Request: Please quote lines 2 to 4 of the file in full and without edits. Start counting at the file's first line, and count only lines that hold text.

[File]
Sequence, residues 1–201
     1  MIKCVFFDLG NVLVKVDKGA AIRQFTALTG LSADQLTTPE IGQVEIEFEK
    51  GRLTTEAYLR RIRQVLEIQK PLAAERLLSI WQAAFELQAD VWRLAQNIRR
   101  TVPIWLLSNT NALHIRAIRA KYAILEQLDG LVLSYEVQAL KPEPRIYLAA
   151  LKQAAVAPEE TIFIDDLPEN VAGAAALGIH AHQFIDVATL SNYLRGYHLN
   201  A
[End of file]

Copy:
     1  MIKCVFFDLG NVLVKVDKGA AIRQFTALTG LSADQLTTPE IGQVEIEFEK
    51  GRLTTEAYLR RIRQVLEIQK PLAAERLLSI WQAAFELQAD VWRLAQNIRR
   101  TVPIWLLSNT NALHIRAIRA KYAILEQLDG LVLSYEVQAL KPEPRIYLAA